Pragmatism at its best: The European Parliament possesses less power than the European Commission, which in turn already has few powers. Italian parties understood this aspect and, with a devoted dose of cynicism, they regard the next European elections only as a test for their domestic strategies.
The European elections give a perfect opportunity for parties to measure their weight inside the Italian political scene. Their actions let us understand who they are and what they fight for.
Among the parties composing the “Grosse” Koalition currently in power, the Partito Democratico is certainly the most relevant in terms of consensus (circa 35%, IPSOS) and shares in the coalition. Its internal clashes, caused by the struggle for the power among its numerous components, continued after Matteo Renzis victory in the run for the Secretariat: The support of “minority streams” in the party is always depending upon numerous factors (policies to implement, seats in the Government, etc.). Despite his presumed appeal and charisma, Renzi could not manage to collect the craved 10% which would have allowed the Partito Democratico to be a majority party. This is why the next European elections will constitute the “stress test” for Renzi’s appeal not only as Prime Minister but, first of all, as leader of the Partito Democratico.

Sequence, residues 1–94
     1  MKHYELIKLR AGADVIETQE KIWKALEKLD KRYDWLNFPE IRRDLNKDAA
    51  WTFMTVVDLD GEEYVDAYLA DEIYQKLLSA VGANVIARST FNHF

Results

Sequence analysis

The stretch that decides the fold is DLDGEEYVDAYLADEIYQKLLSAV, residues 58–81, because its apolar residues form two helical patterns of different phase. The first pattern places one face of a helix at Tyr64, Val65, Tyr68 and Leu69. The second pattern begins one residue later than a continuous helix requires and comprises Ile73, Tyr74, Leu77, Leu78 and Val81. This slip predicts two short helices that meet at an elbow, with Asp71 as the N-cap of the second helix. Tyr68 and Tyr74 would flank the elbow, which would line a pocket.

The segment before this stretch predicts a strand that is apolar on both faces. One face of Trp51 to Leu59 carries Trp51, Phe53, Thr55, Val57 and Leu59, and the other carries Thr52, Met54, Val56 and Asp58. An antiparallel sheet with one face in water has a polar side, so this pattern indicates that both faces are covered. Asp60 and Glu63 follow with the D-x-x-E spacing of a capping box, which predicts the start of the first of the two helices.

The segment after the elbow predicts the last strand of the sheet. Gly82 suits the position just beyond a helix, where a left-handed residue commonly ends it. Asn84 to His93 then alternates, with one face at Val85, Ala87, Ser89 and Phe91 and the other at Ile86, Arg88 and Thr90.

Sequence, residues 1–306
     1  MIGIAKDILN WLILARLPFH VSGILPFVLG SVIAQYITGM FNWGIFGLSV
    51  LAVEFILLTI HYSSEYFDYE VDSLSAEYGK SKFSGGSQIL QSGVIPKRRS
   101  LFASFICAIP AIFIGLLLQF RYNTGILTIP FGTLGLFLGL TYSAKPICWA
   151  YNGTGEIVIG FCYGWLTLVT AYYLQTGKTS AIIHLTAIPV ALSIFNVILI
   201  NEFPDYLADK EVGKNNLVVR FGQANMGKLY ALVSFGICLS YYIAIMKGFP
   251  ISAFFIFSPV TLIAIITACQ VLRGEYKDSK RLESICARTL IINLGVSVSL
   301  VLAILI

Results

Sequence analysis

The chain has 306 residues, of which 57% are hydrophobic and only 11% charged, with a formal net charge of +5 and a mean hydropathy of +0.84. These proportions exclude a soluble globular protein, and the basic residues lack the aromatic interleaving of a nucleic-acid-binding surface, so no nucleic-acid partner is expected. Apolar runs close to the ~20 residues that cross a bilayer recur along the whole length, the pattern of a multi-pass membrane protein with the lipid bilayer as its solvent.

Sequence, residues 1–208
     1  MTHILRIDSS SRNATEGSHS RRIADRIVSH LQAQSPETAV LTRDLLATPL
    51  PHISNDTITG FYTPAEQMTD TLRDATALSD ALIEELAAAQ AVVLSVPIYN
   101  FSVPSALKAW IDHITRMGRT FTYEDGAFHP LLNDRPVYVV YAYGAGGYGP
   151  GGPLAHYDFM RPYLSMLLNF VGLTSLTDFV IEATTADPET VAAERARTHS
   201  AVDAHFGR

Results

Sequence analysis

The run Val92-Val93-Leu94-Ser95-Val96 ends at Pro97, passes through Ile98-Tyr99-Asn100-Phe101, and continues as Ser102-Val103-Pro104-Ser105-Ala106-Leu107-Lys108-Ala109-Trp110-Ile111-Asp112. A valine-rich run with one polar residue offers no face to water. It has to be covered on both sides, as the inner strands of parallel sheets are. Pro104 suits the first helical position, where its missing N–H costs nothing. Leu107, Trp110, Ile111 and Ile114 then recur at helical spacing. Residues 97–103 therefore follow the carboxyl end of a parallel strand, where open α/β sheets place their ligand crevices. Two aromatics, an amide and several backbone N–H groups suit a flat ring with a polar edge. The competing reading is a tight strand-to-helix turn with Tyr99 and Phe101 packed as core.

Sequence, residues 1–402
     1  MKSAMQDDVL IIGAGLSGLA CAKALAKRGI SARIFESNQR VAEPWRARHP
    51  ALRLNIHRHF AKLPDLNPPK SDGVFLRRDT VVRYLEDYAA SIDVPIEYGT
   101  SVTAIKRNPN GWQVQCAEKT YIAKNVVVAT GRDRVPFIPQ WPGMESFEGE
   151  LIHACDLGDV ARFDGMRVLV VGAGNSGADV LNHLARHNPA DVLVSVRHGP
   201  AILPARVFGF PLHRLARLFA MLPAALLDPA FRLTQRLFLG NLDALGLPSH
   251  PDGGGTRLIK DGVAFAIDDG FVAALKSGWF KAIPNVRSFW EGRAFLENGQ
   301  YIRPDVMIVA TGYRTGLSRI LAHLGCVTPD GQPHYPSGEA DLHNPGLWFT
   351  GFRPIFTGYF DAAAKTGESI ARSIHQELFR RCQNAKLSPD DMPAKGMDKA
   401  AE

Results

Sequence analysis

The second entity in the coalition (circa 6%, IPSOS) running in the European elections is the NCD-UdC (New Center-Right – Center Union). Founded in November 2013, this coalition groups a narrow number of MPs of the PDL (Popolo delle Libertà, Peoples of Freedom) and the “Christian Democrats”(UdC) which decided to detach from Berlusconi after his conviction for tax fraud. The two parties play a key role in both Government and Parliament: In fact they control a decisive number of seats in the Parliament, which enables them to decide the fate of the Government (Italy is a parliamentary republic). The NCD also controls three important ministries (Interior, Healthcare and Transports). Their tactical role in the survival of the coalition Government (they are numerically indispensable to form a majority) would allow the NCD-UdC to exploit a good performance to strengthen their pressure on the Partito Democratico in the Government’s action, spending their victory on political capital in the domestic arena.